More than a lovely face
The upcoming equality of men and women also causes behavioural changes in looking for a partner.

More than a lovely face

Brains over beauty? But we all know that guys are hardwired for pretty faces and shapely bodies when it comes to choosing a mate, right? Review of research shows “unsuspected speed” toward gender equality in choosing mates.

Not so fast. Despite today’s ongoing challenges in achieving gender equality, a new review of research on mate preferences conducted by researchers at Northwestern University and the University of Innsbruck suggests that modern men indeed increasingly value brains over beauty. “Our review across several disciplines suggest that mating preferences of men as well as women have responded with unsuspected speed to progress toward gender equality,” said Marcel Zentner, professor of psychology at University of Innsbruck. The common view is that our mate choices are evolutionarily “hardwired” in our brains and therefore minimally responsive to changing conditions. But some evolutionary scientists now argue that humans are programmed to respond with great flexibility in to changing environments. “This flexibility allows people to do what sociocultural theorists have maintained for a long time: Select partners who minimize the costs and maximize the benefits that they will experience in their future lives,” said Alice Eagly, professor of psychology and faculty fellow at the Institute for Policy Research at Northwestern.


What makes the study unique is the authors’ demonstration that these processes operate across domains. Cross-cultural research found that the more gender-egalitarian a country, the less likely that men and women trade male earning power for female youth and beauty -- the pattern that many evolutionary psychologists believe to be innate. The greater preference of women for a high-earning partner is twice as large in gender unequal nations such as Korea and Turkey than in more gender-equal nations such as Finland and the United States. Notably, in Finland, men are more interested in an educated, intelligent partner than women are. Then, the authors looked at individuals. Sex differences in what people want in a mate diminish not only when societies become more gender-egalitarian but also when individuals embrace more gender-equal attitudes. Men and women with traditional mindsets prefer partners that suit the old-style exchange of male breadwinning for female fertility and domestic skills. But those preferences have weakened considerably among people who favor gender equality. Finally, what men and women want parallels changes in gender roles in recent history. The traditional world of female homemakers and male breadwinners is long gone in many nations. In the United States, 70 percent of mothers with children under 18 are in the labor force. In 38 percent of marriages with an employed wife, she earns more than he does. Not that long ago, women’s education and income were only minor assets for attracting a husband. Gender equality appears to act as a lever: Wherever you push it up, differences between men’s and women’s partner preferences diminish. That doesn’t mean that these differences will disappear entirely or that biology plays no role in mate preferences. However, social and psychological factors shape mate preferences more strongly than has been assumed. In the old days, it made sense for women to seek men who could provide for them and for men to seek women who could cook and bake while producing children. “In today’s world, where both partners can (and often must) work to achieve a decent lifestyle, most men want an educated, intelligent wife who can earn a good wage,” Eagly said. “In turn, men can worry somewhat less about producing wealth but may benefit from brushing up on their looks and domestic skills.”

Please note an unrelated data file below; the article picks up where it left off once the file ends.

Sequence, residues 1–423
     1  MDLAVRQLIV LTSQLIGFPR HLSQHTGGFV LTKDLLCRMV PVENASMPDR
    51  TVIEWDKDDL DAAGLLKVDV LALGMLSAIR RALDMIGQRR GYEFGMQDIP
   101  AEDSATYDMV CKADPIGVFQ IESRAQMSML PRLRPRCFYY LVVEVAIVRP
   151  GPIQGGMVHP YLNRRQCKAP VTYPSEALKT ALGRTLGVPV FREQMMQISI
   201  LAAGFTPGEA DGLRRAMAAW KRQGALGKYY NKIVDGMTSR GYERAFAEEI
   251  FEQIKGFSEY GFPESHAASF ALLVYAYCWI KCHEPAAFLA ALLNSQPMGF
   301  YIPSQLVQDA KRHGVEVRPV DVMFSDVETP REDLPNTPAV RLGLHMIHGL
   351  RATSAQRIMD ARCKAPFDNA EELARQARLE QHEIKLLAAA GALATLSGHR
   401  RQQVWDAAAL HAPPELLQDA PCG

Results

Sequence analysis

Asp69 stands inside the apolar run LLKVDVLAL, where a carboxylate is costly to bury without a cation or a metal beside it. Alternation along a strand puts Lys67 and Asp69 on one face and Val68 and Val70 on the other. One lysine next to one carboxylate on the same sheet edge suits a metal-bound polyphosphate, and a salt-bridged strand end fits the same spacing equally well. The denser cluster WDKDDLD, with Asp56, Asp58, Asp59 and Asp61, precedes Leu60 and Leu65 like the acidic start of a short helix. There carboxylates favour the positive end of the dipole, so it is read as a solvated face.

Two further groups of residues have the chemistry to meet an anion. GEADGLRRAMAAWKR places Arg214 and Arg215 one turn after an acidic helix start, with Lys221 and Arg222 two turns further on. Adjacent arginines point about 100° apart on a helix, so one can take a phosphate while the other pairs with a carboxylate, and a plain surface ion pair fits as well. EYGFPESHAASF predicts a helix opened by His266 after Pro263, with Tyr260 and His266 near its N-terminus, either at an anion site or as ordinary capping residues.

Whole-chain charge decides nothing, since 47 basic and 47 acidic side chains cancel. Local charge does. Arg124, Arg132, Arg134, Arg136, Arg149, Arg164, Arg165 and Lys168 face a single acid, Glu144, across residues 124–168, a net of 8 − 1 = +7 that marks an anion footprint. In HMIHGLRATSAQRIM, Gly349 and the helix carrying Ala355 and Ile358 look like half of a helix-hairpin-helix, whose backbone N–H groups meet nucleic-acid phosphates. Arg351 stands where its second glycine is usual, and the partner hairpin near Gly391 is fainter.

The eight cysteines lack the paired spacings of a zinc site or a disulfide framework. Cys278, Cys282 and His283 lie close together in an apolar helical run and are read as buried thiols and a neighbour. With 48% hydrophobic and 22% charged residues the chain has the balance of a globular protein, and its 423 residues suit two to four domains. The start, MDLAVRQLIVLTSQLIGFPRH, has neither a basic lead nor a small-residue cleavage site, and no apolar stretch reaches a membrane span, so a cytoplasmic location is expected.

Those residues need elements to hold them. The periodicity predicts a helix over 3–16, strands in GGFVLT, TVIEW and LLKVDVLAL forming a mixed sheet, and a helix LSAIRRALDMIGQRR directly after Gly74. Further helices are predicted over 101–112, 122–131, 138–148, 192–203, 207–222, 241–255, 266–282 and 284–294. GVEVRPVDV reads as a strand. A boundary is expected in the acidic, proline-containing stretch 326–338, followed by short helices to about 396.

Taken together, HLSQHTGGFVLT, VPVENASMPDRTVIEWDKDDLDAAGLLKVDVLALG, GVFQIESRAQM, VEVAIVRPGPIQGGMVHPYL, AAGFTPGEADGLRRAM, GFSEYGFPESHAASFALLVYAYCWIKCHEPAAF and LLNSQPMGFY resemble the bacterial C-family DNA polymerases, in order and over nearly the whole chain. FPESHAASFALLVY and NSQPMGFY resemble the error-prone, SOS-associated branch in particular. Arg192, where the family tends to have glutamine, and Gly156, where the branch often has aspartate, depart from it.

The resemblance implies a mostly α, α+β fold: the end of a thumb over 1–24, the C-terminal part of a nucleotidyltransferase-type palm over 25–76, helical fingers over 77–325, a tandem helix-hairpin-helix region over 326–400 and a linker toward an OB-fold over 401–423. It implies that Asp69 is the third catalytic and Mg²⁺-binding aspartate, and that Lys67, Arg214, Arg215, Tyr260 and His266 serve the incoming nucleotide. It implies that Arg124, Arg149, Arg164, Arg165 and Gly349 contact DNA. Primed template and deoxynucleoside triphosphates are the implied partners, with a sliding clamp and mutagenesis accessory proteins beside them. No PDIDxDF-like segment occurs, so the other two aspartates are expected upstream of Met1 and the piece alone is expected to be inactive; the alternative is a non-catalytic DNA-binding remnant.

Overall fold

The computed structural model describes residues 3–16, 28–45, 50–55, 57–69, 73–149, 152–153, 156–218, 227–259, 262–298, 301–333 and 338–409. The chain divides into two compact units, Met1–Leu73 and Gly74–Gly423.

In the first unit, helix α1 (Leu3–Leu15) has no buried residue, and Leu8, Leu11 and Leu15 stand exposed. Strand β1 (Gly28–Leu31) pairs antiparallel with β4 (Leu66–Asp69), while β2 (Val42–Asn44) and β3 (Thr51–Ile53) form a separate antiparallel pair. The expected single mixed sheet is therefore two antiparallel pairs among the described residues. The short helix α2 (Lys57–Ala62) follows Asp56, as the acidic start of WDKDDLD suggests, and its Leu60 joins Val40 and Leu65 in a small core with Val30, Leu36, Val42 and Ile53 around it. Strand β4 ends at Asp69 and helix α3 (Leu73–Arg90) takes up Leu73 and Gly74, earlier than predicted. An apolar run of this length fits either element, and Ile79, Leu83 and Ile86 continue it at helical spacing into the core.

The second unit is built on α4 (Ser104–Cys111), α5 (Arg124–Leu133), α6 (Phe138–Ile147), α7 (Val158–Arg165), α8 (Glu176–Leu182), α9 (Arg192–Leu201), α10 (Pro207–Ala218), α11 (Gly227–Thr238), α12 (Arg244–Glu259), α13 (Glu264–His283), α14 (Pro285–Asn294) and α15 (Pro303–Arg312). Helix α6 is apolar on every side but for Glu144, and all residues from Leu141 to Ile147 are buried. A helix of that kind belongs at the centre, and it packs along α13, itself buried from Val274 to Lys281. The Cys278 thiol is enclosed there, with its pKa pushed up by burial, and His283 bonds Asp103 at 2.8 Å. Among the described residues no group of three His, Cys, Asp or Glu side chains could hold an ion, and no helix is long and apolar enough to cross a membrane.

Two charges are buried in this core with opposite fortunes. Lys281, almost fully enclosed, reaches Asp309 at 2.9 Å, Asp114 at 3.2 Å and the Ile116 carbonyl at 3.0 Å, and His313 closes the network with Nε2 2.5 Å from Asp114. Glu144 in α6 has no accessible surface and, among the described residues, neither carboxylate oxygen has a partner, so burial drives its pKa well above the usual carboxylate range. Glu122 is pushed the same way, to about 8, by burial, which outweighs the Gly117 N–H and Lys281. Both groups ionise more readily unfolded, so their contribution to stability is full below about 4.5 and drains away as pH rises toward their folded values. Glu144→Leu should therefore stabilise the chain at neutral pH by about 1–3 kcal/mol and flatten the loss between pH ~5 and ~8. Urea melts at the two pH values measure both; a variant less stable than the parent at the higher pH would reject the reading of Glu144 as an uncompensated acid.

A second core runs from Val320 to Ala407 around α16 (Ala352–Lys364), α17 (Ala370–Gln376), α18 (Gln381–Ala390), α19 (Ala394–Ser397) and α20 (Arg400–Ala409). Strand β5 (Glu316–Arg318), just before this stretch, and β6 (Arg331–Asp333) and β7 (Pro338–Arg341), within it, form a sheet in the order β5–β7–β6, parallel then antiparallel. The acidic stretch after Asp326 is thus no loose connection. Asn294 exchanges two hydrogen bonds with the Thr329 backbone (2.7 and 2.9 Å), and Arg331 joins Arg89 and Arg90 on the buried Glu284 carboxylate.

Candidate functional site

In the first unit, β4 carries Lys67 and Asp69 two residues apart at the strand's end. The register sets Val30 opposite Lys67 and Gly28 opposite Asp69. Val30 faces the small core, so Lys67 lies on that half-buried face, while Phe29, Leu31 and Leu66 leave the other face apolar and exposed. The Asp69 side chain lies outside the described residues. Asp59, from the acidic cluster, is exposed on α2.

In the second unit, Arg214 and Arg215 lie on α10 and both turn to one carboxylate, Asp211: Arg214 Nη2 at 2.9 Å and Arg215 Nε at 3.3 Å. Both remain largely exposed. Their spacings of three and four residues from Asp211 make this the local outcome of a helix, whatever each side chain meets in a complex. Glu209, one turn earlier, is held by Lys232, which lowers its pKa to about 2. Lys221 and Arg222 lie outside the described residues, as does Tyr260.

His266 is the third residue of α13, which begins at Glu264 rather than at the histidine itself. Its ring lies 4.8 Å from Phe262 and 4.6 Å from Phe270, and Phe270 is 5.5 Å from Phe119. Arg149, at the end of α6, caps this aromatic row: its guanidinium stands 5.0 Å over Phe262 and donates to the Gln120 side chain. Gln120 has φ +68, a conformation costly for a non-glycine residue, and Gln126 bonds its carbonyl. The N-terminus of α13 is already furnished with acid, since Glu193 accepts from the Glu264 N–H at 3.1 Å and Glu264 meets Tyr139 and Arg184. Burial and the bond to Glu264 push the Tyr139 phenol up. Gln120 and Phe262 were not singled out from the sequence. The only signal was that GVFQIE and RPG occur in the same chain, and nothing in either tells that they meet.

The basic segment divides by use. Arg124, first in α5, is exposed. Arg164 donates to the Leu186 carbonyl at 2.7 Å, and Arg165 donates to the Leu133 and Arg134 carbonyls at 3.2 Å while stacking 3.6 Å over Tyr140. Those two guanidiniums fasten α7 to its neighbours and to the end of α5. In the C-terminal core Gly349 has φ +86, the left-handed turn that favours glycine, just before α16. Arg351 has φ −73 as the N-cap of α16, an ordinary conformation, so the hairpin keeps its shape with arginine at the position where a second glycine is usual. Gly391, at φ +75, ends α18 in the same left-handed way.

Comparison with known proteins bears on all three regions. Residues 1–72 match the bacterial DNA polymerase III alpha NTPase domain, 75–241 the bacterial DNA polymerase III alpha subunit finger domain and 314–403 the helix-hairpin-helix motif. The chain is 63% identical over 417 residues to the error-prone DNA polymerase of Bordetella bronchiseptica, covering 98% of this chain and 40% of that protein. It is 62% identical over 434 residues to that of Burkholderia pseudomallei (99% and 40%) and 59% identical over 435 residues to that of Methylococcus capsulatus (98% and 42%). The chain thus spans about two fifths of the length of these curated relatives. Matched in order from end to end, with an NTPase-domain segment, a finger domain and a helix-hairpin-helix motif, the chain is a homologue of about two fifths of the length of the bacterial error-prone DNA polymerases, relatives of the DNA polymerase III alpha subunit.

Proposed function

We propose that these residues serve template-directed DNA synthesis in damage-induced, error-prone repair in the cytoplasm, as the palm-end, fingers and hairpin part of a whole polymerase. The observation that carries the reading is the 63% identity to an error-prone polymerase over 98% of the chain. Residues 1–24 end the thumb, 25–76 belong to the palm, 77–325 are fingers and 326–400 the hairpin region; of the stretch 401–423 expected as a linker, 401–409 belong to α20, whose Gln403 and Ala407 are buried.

The review, “A sociocultural framework for understanding partner preferences of women and men: integration of concepts and evidence,” was published in January in the European Review of Social Psychology.


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